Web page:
Canada, still an agricultural country in the nineteenth century, became the host for thousands of indigent and abandoned British children sent to the Dominion as agricultural apprentices. Fueled by the desire to remove urban children from the unhealthy atmosphere in industrial cities (and in some cases, off the public dole), the emigration movement was based on the assumption that the pure air of Canadian farm country would naturally be more suitable for the youngsters. Joy Parr reports, however, that in the absence of legislation regulating this “traffic in children,” overwork and abuse were common features of the arrangement. Yet government debate on the importation of British children into Canada most often centered on the threats posed by the children to public health and to the local labor markets rather than on concern for the welfare of the young workers themselves.
Another international practice rife with abuse and scandal was the custom of sending Italian children to Paris, London, and New York City, where they acted as street musicians and figurine sellers under the care of a master who allegedly supervised the children in exchange for a percentage of their wages. Reports of overcrowded and substandard housing for the youngsters were common, as were allegations of physical abuse for those who returned at the end of the day with insufficient profits. Despite numerous reports that the Italian children were being held in virtual slavery, complaints to the British government and calls for reform attacked the problem only as a health menace and public nuisance. John E. Zucchi reports that “the government and the courts seemed to show less interest in the possibility that a slave system existed in their ‘liberal Christian’ country than in the possibility that vagrants and beggars should overrun Britain's major cities and towns.”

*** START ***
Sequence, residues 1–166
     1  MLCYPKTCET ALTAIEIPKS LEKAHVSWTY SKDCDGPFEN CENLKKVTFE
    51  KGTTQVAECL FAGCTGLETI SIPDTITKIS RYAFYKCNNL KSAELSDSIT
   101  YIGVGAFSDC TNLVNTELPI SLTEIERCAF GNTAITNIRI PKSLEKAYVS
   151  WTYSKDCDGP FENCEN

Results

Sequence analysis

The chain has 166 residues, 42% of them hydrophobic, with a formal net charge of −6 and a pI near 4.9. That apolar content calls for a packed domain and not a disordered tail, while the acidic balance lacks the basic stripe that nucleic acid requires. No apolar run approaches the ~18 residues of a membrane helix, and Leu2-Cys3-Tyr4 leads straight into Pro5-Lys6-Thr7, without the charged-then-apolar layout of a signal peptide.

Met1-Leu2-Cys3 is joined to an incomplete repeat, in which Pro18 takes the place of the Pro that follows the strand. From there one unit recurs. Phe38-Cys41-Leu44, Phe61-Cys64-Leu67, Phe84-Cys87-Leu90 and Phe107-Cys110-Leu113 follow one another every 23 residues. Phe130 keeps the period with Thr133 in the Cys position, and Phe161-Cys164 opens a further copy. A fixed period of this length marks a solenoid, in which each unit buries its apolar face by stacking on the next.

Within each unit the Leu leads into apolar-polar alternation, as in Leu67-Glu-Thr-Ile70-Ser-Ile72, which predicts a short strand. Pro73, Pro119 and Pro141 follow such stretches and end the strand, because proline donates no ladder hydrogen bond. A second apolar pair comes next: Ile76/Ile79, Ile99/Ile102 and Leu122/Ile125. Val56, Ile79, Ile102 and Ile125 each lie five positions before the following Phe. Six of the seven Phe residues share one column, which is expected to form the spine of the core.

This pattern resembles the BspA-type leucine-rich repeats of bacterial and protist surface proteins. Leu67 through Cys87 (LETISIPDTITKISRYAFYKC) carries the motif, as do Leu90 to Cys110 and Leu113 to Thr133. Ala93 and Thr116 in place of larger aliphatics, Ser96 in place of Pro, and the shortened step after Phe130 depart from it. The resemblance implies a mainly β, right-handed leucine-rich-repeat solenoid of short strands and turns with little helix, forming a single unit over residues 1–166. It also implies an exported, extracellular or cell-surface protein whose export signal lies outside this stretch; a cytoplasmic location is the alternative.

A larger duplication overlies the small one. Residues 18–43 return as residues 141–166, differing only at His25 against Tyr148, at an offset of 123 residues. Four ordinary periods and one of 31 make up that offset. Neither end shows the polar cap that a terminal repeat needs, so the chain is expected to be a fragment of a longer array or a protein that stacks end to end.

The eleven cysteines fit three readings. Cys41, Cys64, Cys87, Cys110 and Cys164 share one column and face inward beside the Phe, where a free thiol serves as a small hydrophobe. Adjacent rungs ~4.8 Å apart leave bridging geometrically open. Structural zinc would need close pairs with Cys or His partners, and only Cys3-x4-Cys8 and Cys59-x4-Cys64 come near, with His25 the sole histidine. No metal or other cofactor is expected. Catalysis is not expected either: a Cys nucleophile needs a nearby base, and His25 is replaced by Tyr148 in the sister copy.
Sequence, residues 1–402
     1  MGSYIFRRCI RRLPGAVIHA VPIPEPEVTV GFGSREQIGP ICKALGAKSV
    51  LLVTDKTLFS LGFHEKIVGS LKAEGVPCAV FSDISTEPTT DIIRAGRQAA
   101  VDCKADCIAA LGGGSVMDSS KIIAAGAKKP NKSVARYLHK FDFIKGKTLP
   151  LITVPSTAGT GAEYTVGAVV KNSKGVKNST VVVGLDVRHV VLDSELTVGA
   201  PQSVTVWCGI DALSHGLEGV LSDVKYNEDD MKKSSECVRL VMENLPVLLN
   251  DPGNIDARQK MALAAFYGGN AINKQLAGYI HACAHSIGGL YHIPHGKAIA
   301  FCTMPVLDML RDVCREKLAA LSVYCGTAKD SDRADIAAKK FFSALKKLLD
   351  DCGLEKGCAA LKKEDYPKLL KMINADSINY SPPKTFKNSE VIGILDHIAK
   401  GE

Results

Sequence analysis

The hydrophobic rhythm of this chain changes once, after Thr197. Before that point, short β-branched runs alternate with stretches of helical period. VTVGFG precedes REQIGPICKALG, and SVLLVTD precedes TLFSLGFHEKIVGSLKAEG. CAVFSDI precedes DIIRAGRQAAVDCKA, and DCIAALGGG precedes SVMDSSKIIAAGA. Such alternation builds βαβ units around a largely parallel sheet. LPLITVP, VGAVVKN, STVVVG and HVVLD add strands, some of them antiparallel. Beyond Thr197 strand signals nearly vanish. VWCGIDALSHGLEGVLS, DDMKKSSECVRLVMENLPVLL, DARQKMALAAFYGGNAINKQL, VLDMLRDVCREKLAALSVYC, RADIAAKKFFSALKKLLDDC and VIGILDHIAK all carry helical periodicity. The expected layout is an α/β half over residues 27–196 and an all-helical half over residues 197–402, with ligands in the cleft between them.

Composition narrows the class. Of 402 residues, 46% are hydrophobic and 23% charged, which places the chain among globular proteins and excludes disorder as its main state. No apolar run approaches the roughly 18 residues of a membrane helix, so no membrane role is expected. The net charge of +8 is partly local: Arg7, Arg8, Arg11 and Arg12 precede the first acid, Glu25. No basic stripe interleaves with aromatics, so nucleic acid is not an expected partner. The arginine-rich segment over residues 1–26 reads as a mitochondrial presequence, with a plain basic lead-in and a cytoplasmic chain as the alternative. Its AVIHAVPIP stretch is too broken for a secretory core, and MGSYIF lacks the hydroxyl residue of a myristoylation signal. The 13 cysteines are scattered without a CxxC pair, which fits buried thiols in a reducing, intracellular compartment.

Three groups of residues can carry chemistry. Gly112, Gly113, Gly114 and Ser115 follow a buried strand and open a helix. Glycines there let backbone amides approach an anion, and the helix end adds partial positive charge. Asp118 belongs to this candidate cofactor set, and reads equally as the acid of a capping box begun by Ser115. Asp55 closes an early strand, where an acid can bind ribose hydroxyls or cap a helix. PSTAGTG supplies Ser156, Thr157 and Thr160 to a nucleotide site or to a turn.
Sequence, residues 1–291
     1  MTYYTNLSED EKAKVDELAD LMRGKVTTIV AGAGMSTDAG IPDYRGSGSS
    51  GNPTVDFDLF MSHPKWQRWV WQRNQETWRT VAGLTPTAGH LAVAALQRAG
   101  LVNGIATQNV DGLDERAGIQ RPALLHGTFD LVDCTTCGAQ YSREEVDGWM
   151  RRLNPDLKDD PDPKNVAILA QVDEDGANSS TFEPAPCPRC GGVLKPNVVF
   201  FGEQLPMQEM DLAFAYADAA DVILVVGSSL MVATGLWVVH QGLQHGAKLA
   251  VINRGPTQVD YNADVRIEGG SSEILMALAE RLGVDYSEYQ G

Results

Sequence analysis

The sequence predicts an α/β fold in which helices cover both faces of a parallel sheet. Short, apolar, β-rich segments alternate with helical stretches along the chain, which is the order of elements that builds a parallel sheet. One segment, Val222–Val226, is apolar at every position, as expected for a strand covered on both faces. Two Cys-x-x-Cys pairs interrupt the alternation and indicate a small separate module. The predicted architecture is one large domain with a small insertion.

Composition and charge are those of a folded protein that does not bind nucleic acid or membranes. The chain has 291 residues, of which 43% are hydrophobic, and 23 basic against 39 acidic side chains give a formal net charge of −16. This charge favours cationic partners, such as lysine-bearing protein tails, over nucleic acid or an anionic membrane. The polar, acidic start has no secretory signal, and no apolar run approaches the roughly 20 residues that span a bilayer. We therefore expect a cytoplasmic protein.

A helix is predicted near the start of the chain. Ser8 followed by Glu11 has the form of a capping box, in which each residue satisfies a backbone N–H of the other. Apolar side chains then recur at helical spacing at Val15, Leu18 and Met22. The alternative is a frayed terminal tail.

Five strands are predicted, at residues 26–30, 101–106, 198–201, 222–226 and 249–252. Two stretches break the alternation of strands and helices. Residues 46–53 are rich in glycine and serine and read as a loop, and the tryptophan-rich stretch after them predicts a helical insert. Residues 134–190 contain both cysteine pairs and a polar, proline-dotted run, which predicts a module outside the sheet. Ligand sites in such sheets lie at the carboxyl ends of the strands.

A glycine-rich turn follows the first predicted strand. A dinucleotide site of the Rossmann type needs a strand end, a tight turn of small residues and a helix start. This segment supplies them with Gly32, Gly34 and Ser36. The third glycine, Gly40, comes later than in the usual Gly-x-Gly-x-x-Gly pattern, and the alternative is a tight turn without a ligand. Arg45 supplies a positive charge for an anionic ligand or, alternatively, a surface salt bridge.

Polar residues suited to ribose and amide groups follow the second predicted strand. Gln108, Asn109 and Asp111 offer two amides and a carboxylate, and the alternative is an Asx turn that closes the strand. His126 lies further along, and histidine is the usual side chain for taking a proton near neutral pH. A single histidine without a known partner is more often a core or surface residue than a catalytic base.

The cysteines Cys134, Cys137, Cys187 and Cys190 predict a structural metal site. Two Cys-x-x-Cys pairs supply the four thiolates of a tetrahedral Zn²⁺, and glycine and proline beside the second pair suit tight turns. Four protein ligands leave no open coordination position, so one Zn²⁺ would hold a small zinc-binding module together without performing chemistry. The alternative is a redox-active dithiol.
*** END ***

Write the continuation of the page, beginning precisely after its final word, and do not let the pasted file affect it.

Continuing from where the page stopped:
British children in factories and mines inspired calls for reform from such notable literary figures as Robert Southey, who visited textile factories in the early part of the nineteenth century; Samuel Taylor Coleridge, who authored several pamphlets and letters on child labor; and William Cobbett, who addressed the House of Commons, although he appeared to believe the claims of factory owners that British prosperity was dependent on the labor of youngsters. Cobbett reported to the ministers that “a most surprising discovery has been made, namely, that all our greatness and prosperity, that our superiority over other nations, is owing to 300,000 little girls in Lancashire.” The plight of the climbing-boys and chimney sweeps seemed particularly to capture the imagination and sympathy of authors and reformers. William Blake's famous poem “The Chimney Sweeper” appeared in 1789, and was followed in 1822 by Charles Lamb's essay “The Praise of Chimney-Sweepers,” wherein Lamb changed their cry from Blake's “'weep, 'weep, 'weep,” to the “peep peep of a young sparrow,” and referred to the soot-blackened climbers as “young Africans of our own growth.” Charles Dickens dealt with the horrors of the chimney-sweeping trade in Oliver Twist (1838), having the cruel sweep Mr. Gamfield describe the appropriate way to dislodge a young apprentice stuck in a narrow flue: “there's nothink like a good hot blaze to make 'em come down with a run.”